Lester (Lester, 1993), in an article published in the San Francisco Chronicle, titled “‘Warlords’ and White Lies,” described modern day usages of “the vocabulary of hatred.” For example, the author argued that the term warlords is “a term reserved for Asians and Africans” and that “Europeans in a similar feudal role were ‘lords of the manor’— or, if especially warlike, ‘knights’ ” (p. A–23). The term warlord is synonymous with a political conflict in Somalia, while it may refer to gang violence in the United States. On the other hand, ethnic clashes that occur in the Eastern Europe are not portrayed as tribal warfare or “white on white” violence. In racist reference, many categorical differences shape the basis for establishing relationships with those that are dissimilar. Apartheid, de jure and de facto segregation in housing and school domains are the societal arrangements were racist discourses sustain and maintain racism.
Classism in US culture
In the United States, the term society makes up of a unique class structure that maintains and reproduces itself with the active assistance of social institutions and agencies. Economic, educational, political, and social privileges are the exclusive advantages for the members of middle and upper class social groups that are not available to people from lower strata of society. Perceived discrepancies in public school funding among rich and poor neighborhood is one clear example of how the system maintains and brings about a skewed social class structure.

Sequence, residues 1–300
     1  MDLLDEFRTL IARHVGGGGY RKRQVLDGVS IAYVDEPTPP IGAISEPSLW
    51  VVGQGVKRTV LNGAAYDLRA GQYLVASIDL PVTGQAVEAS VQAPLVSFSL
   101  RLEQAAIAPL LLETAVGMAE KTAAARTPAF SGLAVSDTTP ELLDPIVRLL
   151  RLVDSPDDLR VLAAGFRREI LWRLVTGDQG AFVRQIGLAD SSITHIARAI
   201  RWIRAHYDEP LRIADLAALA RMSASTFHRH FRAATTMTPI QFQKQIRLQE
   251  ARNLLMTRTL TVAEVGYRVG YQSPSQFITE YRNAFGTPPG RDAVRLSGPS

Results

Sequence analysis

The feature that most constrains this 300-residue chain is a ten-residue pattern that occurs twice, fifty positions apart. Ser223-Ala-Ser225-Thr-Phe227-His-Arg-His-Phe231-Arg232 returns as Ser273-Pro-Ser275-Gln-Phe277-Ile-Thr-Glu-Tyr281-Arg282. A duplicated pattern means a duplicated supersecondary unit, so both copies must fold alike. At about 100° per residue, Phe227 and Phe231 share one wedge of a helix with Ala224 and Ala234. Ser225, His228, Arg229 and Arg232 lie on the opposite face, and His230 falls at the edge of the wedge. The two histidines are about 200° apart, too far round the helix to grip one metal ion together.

Children from richer families always get better quality education than those children who come from poor families. As a result, children from affluent families always prepare for jobs that allow them to retain the same social class strata that their parents get in the society. Similarly, children who come from poor background and who receive inadequate and improper education prepare themselves for jobs that restrict them to the social strata of their parents.
There are reports of an increasing numbers of ethnic minorities, who are attaining middle and upper class income and social status levels. However, the percentage of remaining in low income and low social status levels is still very high, when compared to Euro-Americans. Edelman (Edelman, 1987) argued that, “African American children are three times more likely to live in poverty than Euro- American children.” On the other hand, Close (Close, 1993), opined that family members from ethnic minorities, who get middle and upper class status rarely get an access to all the available opportunities of power and prestige those are allowed for Euro-American counterparts.